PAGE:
He had also submitted that the trial court order was “perverse” and “unsustainable”. “Non-consideration or selective consideration of the third chargesheet makes the order even more perverse”, Jain had argued. He had contended that the trial court at the stage of framing of charges could not conduct a mini-trial by determining the credibility of the evidence.
Initially, the court had asked, “What they say primarily in their written submissions is this person was merely standing there. The trial court judge has said that you couldn't bring anything on record for the court to believe that these persons were part of the crowd who committed the offence. Another argument they raised is that you entered their premises and when there were so many people, why you only picked up a few?”
In reply, the ASG had stated that there were 10 clips available with the prosecution, out of which in Clip No. 3 and 9, the accused persons could be identified. He added that by Clip 3, six discharged accused could be identified and by Clip 9 one accused could be identified. Jain stated that the discharged accused person could be seen indulging in acts as described in the chargesheets.
On the contrary, Senior Advocate Rebecca John appeared for Safoora Zargar and had contended, "The person they claim is me is in Clip 9. At the very outset, they (Delhi Police) have to cross the threshold as far as the identification is concerned because the person in the clip has his face covered".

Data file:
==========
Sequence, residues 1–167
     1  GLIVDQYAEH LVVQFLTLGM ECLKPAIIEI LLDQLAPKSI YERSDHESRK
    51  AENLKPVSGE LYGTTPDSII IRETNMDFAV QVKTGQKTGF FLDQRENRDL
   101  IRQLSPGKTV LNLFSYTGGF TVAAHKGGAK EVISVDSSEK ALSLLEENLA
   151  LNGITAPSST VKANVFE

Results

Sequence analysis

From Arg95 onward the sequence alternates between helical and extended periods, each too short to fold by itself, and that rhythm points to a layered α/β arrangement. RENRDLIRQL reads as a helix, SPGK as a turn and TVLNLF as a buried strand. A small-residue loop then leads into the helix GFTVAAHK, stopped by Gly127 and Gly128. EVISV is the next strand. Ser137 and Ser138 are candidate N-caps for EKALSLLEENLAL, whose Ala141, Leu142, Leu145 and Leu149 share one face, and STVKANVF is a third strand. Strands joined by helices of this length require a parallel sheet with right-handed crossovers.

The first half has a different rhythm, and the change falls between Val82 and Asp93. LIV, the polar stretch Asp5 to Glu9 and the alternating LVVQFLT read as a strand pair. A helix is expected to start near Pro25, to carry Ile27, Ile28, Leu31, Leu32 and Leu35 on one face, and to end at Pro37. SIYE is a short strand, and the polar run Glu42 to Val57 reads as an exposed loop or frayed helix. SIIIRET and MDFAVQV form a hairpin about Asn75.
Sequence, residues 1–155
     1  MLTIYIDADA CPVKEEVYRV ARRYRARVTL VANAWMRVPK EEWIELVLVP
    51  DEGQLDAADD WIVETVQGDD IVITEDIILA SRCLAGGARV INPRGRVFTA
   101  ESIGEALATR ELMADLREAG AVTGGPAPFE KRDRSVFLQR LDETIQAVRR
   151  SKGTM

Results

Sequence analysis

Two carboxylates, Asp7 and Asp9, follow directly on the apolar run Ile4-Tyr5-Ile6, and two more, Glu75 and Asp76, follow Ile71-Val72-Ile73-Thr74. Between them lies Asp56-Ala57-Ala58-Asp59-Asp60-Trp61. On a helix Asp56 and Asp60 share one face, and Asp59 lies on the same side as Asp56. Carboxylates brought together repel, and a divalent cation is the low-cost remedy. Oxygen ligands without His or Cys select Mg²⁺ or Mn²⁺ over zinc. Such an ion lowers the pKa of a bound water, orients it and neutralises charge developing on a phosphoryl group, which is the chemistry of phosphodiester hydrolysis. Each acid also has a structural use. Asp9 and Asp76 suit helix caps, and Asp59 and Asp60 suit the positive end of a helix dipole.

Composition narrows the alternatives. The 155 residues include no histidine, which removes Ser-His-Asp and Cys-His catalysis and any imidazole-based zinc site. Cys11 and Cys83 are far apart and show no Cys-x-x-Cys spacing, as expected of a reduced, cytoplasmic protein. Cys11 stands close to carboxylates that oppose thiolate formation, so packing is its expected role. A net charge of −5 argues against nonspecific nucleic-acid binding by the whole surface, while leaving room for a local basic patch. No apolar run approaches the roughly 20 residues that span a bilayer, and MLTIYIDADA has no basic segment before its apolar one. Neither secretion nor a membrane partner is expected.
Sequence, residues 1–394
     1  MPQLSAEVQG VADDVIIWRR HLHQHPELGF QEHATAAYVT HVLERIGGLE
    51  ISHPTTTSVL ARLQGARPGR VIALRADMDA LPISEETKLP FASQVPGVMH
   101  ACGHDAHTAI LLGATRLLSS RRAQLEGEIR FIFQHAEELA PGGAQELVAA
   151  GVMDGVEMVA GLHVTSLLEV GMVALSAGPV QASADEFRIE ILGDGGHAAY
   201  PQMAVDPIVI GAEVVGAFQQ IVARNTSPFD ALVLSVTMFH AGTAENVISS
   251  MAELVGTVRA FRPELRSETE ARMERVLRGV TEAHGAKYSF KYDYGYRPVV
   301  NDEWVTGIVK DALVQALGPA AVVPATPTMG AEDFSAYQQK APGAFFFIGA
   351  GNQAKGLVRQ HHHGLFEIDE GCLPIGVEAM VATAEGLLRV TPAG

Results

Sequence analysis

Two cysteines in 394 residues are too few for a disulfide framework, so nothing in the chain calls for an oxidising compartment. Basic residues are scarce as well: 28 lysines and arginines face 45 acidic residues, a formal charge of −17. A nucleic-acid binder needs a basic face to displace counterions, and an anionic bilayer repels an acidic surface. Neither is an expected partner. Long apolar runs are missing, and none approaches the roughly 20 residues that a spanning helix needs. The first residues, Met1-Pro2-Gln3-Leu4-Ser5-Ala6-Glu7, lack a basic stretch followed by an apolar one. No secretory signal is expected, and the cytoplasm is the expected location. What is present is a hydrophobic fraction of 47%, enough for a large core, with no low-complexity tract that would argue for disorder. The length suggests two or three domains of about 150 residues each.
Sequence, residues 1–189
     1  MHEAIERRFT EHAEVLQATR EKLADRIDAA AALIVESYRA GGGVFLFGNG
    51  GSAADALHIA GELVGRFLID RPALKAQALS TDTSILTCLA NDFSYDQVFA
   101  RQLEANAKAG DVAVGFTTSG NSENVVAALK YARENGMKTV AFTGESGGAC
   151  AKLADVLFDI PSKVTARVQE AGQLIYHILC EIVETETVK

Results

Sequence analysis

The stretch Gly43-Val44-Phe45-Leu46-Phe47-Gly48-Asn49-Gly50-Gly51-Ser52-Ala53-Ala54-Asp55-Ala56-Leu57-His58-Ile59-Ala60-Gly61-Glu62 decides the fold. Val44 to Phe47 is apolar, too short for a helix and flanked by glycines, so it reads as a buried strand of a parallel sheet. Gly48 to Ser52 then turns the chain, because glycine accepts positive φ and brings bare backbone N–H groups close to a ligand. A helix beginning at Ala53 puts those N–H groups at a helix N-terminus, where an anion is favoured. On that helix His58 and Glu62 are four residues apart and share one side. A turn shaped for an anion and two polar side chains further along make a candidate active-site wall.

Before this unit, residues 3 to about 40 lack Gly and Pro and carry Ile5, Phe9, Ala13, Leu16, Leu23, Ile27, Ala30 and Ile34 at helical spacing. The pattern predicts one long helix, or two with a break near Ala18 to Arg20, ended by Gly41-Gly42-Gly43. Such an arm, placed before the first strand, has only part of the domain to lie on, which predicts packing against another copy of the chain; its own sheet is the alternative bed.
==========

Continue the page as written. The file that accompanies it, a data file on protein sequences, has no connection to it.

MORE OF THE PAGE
“Till such time my( Safoora) identity is not confirmed, till we don't get a sense of whether that's me, my role has to be disconnected. For the sake of clarity...there are snapshots also that they've taken. There is no reason for the prosecution to conclude that it was me”, John argued. She submitted that the first two chargesheets did not have Safoora’s name. “Not a single police officer has recognized me”, she had added.
“Reading Statement of an ASI…Mauke par police walon ko ghayal krke....ahinsa fhailane wale ladkon ko maine dekh liya h". He keeps saying"ladka" (Boy) throughout the chargesheet. I am a "ladki" (Girl), not a ladka (Boy)”, John had contended.